The fact that Nelson Mandela sent his condolences to the man that kept in prison, unrightfully, shows what an amazing man he is. He is really a one of a kind man, the world needs more people like him.
     
  12. kirk26 macrumors 6502a

    kirk26

    Joined:
    Jun 21, 2003
    Location:
    West Virginia
    #13
    RIP. You were great.
     
  13. Jasonbot macrumors 68020

    Jasonbot

    Joined:
    Aug 15, 2006
    Location:
    The Rainbow Nation RSA
    #14
    I guess as a south african I should speak from experience here even though this is already pretty old news. My schools flags were flying at half mast at the time of his death kind of to pay tribute to him even though he was an evil apartheid leader he could be seen as the last or mayb even the beginning of the end of apartheid.

    I have never lived during the apartheid time but my parents say it was BAD and now evertything is sorted. What confuses me is why has our economy diminished, crime rates increased and black economic empowerment taken such a toll on us. Most people want to immigrate these days http://www.iol.co.za/index.php?set_id=1&click_id=13&art_id=vn20061111112857791C752118

    Is this what my beautiful country strived for through all the struggle? I hop not
     
  14. Queso thread starter macrumors G4

    Joined:
    Mar 4, 2006
    #15
    The economy isn't damaged beyond repair. It's just a serious amount of cash is being put into development to the poorest people in the country. Once their standard of living rises to the point where they have disposable income the money machine will start working again.

    The same thing happened in Germany after reunification. Rebuilding the old East Germany took all the cash the country had, and it's only now beginning to recover. Considering Germany's economy completely dwarfs South Africa's, and you also have the problem of a large uneducated population, and it's going to be 2020 at the earliest before things start to right themselves for you.

    I know a lot of South Africans who are working up here in the EU. All complain about the crime etc. in SA yet all are sending money home and planning to return at some point. That says a lot for the future of the country.
     
  15. #16
    PW Botha

    Forgiveness is quite an amazing phenomenon
     
  16. x86isslow macrumors 6502a

    Joined:
    Aug 10, 2003
    Location:
    USA
    #17
    Are you being facetious?
     
  17. Jasonbot macrumors 68020

    Jasonbot

    Joined:
    Aug 15, 2006
    Location:
    The Rainbow Nation RSA
    #18
    I beg to differ, as much as you assume all this money is pumped into the poor you are slghtly mistaken. South Africa has two groups of black south africans, the rich and the poor. There is no middle class and a majority of these poor live in informal settlements called squatter camps. As for the money, we see so many rich blacks driving around in large SUV's feeling sorry for themselves that they were "previously disadvantaged" during apartheid. What about the currently disadvantaged still living in the camps?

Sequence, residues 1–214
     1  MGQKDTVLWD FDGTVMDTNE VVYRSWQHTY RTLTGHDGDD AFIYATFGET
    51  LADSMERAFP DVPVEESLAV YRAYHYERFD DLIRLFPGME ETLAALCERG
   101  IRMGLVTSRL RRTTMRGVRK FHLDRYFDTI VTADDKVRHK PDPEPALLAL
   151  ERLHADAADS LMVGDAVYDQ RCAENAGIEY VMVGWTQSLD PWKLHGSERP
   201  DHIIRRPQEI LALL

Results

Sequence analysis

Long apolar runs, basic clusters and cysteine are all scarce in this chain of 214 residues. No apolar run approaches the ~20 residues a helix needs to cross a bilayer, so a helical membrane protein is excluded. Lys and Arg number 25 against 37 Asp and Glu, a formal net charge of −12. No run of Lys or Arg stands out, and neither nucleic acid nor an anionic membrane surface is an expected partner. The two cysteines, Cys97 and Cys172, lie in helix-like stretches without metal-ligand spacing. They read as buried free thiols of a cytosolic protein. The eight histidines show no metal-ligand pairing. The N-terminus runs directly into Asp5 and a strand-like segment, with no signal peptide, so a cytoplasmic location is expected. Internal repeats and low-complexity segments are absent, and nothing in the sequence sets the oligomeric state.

Maybe the ecnomy is repairable but as long as South Afrrica is a third world country we will not see the lightt of day any time soon. And we are less than half as smart as the Germans! We have no proper plans in place, our disorganization is almost costing us the 2010 soccer cup, our governmant deals with corruption issues daily like it's going out of fashion and our Health Minister (Manto Tshabala Msimang) recommends eating beetroot to help prevent AIDS :eek: how can we have a country run like this and recover @ the same time? As much as I hope for a solution I often feel there is none to come.
     
  18. dextertangocci macrumors 68000

    Joined:
    Apr 2, 2006
    #19
    And because of BEE, you could call many of the white people in SA "presently disadvantaged." This whole BEE thing has ruined a lot of businesses...
     
  19. Jasonbot macrumors 68020

    Jasonbot

    Joined:
    Aug 15, 2006
    Location:
    The Rainbow Nation RSA
    #20
    That's Why I'll emigrate when I get my degree soon! Only 2 years left of school then it's off to varsity for me. Maybe BEE will become WEE when I make it into the big bad businees brawl!?
     
  20. dextertangocci macrumors 68000

    Joined:
    Apr 2, 2006
    #21
    I hope so... But how are you going to even get into a university, when even UCT has to accept something like 80% black 20% white:rolleyes: It's pathetic..
     
  21. Jasonbot macrumors 68020

    Jasonbot

    Joined:
    Aug 15, 2006
    Location:
    The Rainbow Nation RSA
    #22
    Hmm, I have not considered this :( My dad often says that engineering is still predomiinantly white. I apologise that this may seem racist but thats just how it is in South Africa. And hopefully my 80% average will carry through to matric so I'll be all happy and get university exemptioin. If not Then stanford/ or other US university is calling!
     

Share This Page